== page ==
Non-EM Residency Trained Docs: Post and Be Counted!

Posted: August 4, 2008 by Doc in ER Docs

We have decided to conduct an informal, completely unscientific survey to answer the question,
“How many non-Emergency medicine (EM) residency trained ER physicians have had their ER career/ livelihood terminated or seriously limited due to lack of EM residency training?
Post and be counted, you don’t have to use your real name, just give us
your work setting (urban/ suburban/ rural),
-years in ER practice,
original specialty training, and
-if you’d like to tell us something about your circumstances, it would be greatly appreciated.
If you want to solve a problem, you have to get a good look at it.

Links: Disposable Doctors
Disposable Doctors 2
Fighting to Level the Playing Field for ABPS in NY
Not So Disposable Doctors
News From AAPS vs. NY-DOH
Florida to Say “Bye-Bye Grandpa!”
Florida ACEP: “Only EM Residency Trained Docs Should be Working in ERs”
FCEP: Whose Side are You Really On?
Response to Florida ACEP: “No Correlation Between Doctors Who Failed to Meet Standard of Care and Board Certification”

  1. docu says:

    -your work setting (urban/ suburban/ rural): Urban

    -years in ER practice:
    7 years full time.

    -original specialty training:
    Family Medicine residency trained/certified.

    ER career/ livelihood terminated or seriously limited due to lack of EM residency training?

    Yes, on several occasions I’ve encountered discrimination which limited my career and livelihood. Ironically, managers /directors that argue for the need for residency training in EM often do not hesitate to utilize non-EM trained docs or even midlevel providers when it suits their needs or their pocket books.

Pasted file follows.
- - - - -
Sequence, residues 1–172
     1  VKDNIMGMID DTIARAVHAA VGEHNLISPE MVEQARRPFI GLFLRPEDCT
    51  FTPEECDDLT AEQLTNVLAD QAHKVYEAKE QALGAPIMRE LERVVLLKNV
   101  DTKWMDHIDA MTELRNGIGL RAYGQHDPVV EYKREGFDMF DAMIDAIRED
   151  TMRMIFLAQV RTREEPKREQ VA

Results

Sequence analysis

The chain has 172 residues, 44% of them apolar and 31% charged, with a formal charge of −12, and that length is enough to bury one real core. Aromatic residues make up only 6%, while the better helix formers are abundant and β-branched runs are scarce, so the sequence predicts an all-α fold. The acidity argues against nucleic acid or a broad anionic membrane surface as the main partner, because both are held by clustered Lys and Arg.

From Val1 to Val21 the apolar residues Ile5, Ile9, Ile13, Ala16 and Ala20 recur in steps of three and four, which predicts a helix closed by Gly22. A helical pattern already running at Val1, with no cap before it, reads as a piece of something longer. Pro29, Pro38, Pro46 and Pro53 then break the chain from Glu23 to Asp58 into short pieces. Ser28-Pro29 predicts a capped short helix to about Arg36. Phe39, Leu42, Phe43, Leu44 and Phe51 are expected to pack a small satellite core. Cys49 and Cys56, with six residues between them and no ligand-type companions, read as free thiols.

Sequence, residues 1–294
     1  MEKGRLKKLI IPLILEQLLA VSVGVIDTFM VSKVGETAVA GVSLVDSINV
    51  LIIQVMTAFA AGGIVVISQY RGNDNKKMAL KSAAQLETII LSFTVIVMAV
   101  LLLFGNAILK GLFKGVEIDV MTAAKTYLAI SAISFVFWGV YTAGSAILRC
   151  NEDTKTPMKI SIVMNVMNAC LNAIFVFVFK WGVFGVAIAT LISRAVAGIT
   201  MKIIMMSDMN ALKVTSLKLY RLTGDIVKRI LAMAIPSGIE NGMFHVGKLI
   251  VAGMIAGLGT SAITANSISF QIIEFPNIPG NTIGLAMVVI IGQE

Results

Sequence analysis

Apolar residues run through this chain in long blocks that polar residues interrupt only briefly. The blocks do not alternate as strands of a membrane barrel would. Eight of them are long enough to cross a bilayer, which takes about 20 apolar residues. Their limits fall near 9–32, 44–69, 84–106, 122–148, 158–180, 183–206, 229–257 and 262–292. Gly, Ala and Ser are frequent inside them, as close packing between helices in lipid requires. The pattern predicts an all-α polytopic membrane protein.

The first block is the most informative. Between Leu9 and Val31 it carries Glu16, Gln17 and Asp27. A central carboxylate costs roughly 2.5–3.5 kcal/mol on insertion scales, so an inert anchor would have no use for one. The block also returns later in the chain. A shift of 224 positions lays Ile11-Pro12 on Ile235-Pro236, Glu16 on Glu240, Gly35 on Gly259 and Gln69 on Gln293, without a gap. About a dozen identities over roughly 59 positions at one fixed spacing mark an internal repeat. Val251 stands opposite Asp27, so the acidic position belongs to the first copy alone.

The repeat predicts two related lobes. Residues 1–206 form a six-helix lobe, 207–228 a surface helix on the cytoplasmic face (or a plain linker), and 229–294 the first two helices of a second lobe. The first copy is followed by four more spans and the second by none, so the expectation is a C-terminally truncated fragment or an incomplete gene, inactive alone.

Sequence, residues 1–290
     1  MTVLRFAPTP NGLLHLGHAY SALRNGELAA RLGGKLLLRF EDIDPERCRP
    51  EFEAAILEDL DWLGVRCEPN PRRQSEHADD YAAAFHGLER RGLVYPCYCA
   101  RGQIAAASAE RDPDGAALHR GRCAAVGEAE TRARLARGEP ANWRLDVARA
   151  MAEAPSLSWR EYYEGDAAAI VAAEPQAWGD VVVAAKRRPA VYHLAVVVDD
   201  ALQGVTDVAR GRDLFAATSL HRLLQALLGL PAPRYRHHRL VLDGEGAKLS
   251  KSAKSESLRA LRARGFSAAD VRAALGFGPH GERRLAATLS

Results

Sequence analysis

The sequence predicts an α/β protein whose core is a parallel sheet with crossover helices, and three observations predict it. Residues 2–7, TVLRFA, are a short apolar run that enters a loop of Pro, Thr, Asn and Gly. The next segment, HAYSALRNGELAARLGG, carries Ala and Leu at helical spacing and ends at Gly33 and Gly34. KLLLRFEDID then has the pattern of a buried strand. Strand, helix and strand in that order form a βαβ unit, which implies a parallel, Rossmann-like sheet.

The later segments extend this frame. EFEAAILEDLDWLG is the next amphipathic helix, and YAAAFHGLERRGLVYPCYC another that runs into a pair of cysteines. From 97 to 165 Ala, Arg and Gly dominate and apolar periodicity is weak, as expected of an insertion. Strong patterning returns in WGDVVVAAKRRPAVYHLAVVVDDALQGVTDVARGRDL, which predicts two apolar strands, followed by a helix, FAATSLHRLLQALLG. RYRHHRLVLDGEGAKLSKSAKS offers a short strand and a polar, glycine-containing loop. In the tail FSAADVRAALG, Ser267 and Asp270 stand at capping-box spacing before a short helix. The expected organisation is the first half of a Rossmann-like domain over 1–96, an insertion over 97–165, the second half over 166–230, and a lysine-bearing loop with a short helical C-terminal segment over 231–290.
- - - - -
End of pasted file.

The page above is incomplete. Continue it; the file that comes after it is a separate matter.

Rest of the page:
I work for a large EM partnership and have earned full partner status. Unfortunately, the lack of formal EM training has limited my role to filling shifts in hard to staff areas. In my experience, these are sometimes the most demanding.

  2. DW says:

    What would you say is the economic/ quality of life impact of this treatment?

  3. docu says:

    I believe the lack of job security is the main issue that confronts many of us. This has obvious economic and lifestyle implications.

  4. DW says:

    Thanks for your comment, does anyone else out there concur?

  5. Stardocs says:

    -Work setting: Suburban
    – Years in ER practice :15 years FT
    – Original Specialty Training: IM
    -ER career/ livelihood limited by lack of EM residency training:
    Yes, difficulty finding work after new ER group took over previous hospital where I had worked for 10 years and did not renew my contract but hired new EM grads to replace me. Currently drive 75 miles to new hospital ED where I work at reduced pay, can’t relocate because of family.
    I am worried that I will be forced out of my new job in the near future, and my kids are still in school.

  6. dred says:

    – Urban
    – 12 years
    – Surgery
    – Yes, currently have to work per diem in 2-3 hospitals, afraid that I will have to leave again due to lack of EM residency, have to put up with night shifts and holidays when I can get them; I’m a good doctor and I deserve better

  7. skimd says:

    – Suburban
    -18 years
    – IM
    – was chief of ER in community hospital for 12 years, hospital closed and bought by bigger area, “academic” hospital, only want EM residency trained docs (won’t even take ABEM certified GF) , can’t find anything comparable to my old position, too young to retire, seriously rethinking whether I want to continue doing EM,
    is this what AAEM/ ACEP want to happen considering there’s an ER physician shortage?

  8. drotor says:

    21 years FT in emergency medicine with one year post-graduate training. Named top physician at three different hospitals before my job was eliminated for not having three years post-graduate training or Boards in EM.

  9. Doc says:

    Thanks for posting. Unfortunately, as you can see your situation is becoming increasingly common. If you don’t mind my asking, what are you doing now?

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